Detroit’s convention center, one of the 20 biggest convention centers in the country, has been renamed as part of a 22-year naming rights deal worth $33 million.
The former Cobo Center is now known as the TCF Center after an agreement between the financial corporation and the Detroit Regional Convention Facility Authority. With 723,000 square feet of exhibit space, TCF Center boasts one of the largest contiguous exhibit floor spaces in North America, with a 40,000-square-foot Grand Riverview Ballroom that has a stage lift and more than 100 meeting and banquet rooms comprising 225,000 square feet meeting space.
It has welcomed more than 1.5 million visitors annually and underwent $279 million in upgrades in 2016. In 2018, it had 244 events and claimed a 564 percent increase in revenue since 2009.
“I can’t think of better partners than (TCF Bank Executive Chairman) Gary Torgow and the team at TCF Bank to help secure the future of our region’s convention center,” said Detroit Mayor Mike Duggan. “Today’s announcement, combined with TCF’s commitment to build its new headquarters in downtown Detroit and Gary’s leadership building our Strategic Neighborhood Fund, shows TCF Bank is truly invested in our city and its people.”
The center was originally named after former Detroit Mayor Albert Cobo and cost $56 million when it was opened in 1960. It hosts the annual North American International Auto Show; Cobo Arena, part of the complex, was the home of the NBA’s Detroit Pistons from 1961–1978 and in 1994 was the practice site of the U.S. Figure Skating Championships, where Nancy Kerrigan was assaulted by a man connected to rival Tonya Harding.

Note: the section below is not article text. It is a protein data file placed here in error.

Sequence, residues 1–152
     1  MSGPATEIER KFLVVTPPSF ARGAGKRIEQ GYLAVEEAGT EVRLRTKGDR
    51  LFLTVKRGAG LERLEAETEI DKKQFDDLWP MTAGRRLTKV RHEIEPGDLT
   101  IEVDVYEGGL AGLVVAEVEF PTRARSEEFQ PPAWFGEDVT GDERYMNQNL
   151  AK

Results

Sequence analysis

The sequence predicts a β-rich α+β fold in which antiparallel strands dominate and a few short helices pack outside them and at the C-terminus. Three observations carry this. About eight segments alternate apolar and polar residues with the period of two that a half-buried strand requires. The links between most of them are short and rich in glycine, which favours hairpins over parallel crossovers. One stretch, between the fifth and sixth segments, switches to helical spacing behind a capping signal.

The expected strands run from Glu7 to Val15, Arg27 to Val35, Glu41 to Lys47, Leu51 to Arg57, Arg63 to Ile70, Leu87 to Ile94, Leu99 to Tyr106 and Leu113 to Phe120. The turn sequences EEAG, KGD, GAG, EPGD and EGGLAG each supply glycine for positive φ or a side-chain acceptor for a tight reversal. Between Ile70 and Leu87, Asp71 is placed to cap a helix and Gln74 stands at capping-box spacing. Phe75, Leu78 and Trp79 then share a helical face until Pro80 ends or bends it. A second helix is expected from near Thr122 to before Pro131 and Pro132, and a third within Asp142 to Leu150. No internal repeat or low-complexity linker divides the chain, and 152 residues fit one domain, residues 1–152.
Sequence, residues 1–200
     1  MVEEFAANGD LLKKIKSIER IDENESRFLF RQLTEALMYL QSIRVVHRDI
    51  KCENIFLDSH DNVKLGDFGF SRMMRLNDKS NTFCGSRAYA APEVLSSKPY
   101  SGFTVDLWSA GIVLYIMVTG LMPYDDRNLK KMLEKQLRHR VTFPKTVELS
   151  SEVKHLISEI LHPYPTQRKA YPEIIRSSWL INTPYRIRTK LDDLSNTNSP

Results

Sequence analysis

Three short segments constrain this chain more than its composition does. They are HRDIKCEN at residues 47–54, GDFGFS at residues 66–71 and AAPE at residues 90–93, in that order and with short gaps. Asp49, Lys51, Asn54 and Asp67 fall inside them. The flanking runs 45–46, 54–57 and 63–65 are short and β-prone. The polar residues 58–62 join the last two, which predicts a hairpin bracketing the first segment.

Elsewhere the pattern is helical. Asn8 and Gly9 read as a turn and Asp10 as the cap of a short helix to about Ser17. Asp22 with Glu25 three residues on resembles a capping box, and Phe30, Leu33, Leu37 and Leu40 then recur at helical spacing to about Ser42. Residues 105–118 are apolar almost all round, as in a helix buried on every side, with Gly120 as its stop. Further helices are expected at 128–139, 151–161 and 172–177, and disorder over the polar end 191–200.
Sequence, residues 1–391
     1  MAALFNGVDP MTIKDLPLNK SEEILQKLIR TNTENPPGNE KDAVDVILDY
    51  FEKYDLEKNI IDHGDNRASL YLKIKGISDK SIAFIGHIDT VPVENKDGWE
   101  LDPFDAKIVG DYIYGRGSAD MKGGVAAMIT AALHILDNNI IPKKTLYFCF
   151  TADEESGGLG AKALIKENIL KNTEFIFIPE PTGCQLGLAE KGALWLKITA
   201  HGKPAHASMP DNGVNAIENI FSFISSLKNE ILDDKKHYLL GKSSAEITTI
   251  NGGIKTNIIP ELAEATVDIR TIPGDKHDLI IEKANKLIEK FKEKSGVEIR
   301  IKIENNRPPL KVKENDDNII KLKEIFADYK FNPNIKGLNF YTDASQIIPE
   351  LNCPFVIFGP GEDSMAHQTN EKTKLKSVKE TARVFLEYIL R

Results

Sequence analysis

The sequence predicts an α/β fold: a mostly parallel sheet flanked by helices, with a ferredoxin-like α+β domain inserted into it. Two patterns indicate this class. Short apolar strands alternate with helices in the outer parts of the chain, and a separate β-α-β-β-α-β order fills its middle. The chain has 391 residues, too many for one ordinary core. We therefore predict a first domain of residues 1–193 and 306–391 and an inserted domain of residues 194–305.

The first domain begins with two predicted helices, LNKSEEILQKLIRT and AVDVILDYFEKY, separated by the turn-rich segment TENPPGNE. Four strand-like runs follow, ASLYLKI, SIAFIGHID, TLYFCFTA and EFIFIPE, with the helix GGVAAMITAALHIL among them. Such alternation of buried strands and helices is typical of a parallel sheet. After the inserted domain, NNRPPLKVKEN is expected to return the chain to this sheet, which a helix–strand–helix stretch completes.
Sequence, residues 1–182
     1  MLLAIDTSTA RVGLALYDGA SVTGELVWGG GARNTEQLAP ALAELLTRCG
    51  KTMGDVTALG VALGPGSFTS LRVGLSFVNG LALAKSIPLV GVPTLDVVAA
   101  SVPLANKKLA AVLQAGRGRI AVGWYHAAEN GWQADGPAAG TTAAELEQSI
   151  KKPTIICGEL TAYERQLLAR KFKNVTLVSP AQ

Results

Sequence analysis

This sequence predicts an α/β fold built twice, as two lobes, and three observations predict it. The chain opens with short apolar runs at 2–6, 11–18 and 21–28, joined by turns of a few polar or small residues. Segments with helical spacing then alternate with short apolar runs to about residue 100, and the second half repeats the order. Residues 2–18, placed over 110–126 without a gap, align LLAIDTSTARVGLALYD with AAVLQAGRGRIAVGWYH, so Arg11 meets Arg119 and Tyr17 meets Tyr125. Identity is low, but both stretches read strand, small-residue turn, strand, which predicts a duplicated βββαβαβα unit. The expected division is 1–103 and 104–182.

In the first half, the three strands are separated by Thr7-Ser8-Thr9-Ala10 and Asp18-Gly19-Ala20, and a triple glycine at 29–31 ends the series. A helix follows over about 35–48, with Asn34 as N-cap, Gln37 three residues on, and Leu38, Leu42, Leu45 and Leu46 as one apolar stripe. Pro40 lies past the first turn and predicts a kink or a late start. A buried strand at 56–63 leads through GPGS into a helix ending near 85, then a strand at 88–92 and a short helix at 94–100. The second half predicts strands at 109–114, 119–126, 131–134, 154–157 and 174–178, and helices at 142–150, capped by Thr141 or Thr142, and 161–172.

Having Cobo’s name on the center became a source of controversy in 2017 when his tenure as mayor was reexamined with allegations of mistreatment of African Americans. Duggan disavowed Cobo’s policies in 2018 and said at the time that renaming the center was a possibility given his past.
“This naming rights agreement has been a goal of the DRCFA since it was formed in 2009 and TCF Bank is the perfect partner,” said Larry Alexander, chairman of the DRCFA and president and CEO of the Detroit Metro Convention & Visitors Bureau. “Our partnership with TCF Bank will help to cement the convention center’s strong financial future. We continue to dedicate ourselves to providing world‐class service to our customers, maximizing positive economic impact, creating region‐wide jobs and expanding business opportunities for the benefit of business stakeholders and the local community.”
Chemical Bank, now a division of TCF Bank following its merger on August 1, was selected and awarded naming rights earlier this year by the DRCFA. Both Chemical Bank and TCF Bank brands will continue until mid‐2020, when Chemical Bank branches will be rebranded TCF Bank with more than 500 branches in nine states. The bank will soon build a landmark tower to serve as its headquarters in downtown Detroit.
“We couldn’t be prouder or more honored to partner with the authority on this unique opportunity to support our hometown and state. It helps ensure a continued strong, vibrant future for the world‐class Detroit convention center that connects our city to the world,” Torgow said. “It’s an important part of our larger, intentional effort to marry inclusion with investment across the city and its neighborhoods, region and state. We look forward to reaching new heights.”